Volunteer Outside

Birds of B.I.R.D.S.

Sculptures of these birds can be found throughout downtown Summerville.


  • Named for the bars or bands of brown stripes on their chest
  • The only owl to nest in area swamps, but also common around Summerville
  • Probably one of the most daytime active of the owl species
  • Standard call is series of hoots having a cadence of “Who cooks for you? Who cooks for you all?”  They can make a variety of individual hoots and mated pairs can let loose with a caterwauling that sounds like a cross between a monkey howl and a cat crying.
  • Possess spectacular night vision with binocular vision like ours
  • Also possess spectacular hearing with asymmetrical ear openings that allow them to pinpoint the exact location of sound sources even in complete darkness
  • Silent flight accomplished by frayed front edge of primary wing feather and wing feathers with a velvety sound-muffling surface
  • Have needle sharp talons that can make quick work of the small mammals, other birds, lizards, fish and crayfish that are their favorite foods
  • Nationally, their population numbers are strong and stable


  • Can find their way home even if released from a distant location BLINFOLDED!  Navigate by sensing the earth’s magnetic fields and perhaps by using sound and smell and sun position.
  • Egyptian hieroglyphics suggest they were domesticated more than 5000 years ago.  Have such a long history with humans that is impossible to tell where there original range was.
  • Come in many different shades and plumage patterns, some of which have been named, so keep any eye out for Bluebars (bluish-gray bird with two black bands on wing and a black tail tip), Red Bars (similar to Bluebar but with rusty red color), Checkers (have spots on their wings), Spreads (all black or all gray) or Pieds (birds of any color with splotches with white).
  • Were used to carry messages for the US Army Signal Corps during both World War I and II, saving lives and providing vital strategic information.
  • Common sight in cities around the world, they can crowd streets and public squares living on discarded food and offerings of seed.  Eat mostly seeds and fruits in the wild, but God only knows what they eat in city parks.  Everything from bread crumbs and food scraps to candy, gum and popcorn!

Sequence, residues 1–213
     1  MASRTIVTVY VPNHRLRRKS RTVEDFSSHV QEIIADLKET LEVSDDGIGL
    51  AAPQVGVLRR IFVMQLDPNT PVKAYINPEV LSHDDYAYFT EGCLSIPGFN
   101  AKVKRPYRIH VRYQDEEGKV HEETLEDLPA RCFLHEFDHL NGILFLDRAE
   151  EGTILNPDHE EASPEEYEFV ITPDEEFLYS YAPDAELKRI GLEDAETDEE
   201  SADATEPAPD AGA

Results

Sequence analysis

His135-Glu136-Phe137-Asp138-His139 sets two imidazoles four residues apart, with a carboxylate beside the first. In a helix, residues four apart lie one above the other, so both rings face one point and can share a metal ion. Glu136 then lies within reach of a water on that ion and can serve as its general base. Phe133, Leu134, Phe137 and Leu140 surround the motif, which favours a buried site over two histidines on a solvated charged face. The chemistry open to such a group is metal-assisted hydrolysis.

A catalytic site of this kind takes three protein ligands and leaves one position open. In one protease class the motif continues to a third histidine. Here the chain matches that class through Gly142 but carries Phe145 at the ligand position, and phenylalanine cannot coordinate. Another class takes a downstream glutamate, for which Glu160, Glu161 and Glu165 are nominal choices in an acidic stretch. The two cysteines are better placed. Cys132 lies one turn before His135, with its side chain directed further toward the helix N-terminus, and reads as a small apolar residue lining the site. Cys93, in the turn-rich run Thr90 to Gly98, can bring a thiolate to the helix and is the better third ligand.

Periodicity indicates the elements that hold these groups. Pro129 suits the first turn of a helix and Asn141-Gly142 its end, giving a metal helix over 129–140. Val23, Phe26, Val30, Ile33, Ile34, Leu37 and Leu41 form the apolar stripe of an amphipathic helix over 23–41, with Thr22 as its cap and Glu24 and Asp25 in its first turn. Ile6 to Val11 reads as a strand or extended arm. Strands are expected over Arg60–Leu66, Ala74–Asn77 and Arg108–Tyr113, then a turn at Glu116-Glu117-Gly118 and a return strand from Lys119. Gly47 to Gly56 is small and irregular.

• Were introduced to North America from Europe in the early 1600’s.  Now common throughout the Continental US, as well as all of Central and South America. Although still abundant worldwide, their North American population has dropped 45% since the mid 1960’s.
  • Take turns with incubating eggs, male in the morning, female in the afternoon.  Not winners of any Good Housekeeping awards, they repeatedly reuse the same nest and do not remove the feces of the young as do most other species.  Over time the nest can become a pretty sturdy mound of concreted droppings, old egg shells, and even mummified remains of dead baby birds.
  • Song a series of tremulous and soft “coos.”


  • Eat mostly insects caught on the ground such as caterpillars, beetles, crickets, grasshoppers and spiders, in addition to wild fruit and berries like mistletoe, sumac, blueberries, black cherry, wild holy, dogwood, hackberries, and bay. Attract them to your yard by placing a nest box and planting your yard with native berry/fruit species.
  • Male attracts female by displaying at his nest cavity by bringing nest material to the hole and then going in and out while waving his wings.  Once he attracts a female, he contributes nothing to the nest building process!
  • Their populations crashed in the early 1900’s with the introduction of aggressive introduced cavity-nesting species such as the European Starling and House Sparrows. In the 1960’s – 1970’s the establishment of bluebird box nesting programs has allowed their numbers to rebound dramatically and their numbers continue to recover.
  • Are prevalent in a number of Native American mythologies either as a symbol of spring, as being associated with the wind and able to control the weather, or as representing the sun.
  • Call is a soft low-pitched “tu a wee.”


  • Named after the Cardinals in the Catholic church known for wearing bright red robes and head coverings
  • Common feeder bird favoring seeds, berries and fruits but will supplement diet with insects.
  • Both males and females will commonly attack (often relentlessly) their reflection in windows, thinking they are driving off a competing interloper
  • State bird of 7 eastern states
  • Like to nest in bushes and dense foliage
  • Call is a wet sounding assemblage of phrases.  “cheeeer-a-dote, cheeeer-a-dote-dote-dote… purdy, purdy, purdy… whoit, whoit, whoit, whoit… what-cheer, what-cheer… wheet, wheet, wheet, wheet… cheer, cheer, cheer… what, what, what.”
  • Nationally, their population numbers are strong and stable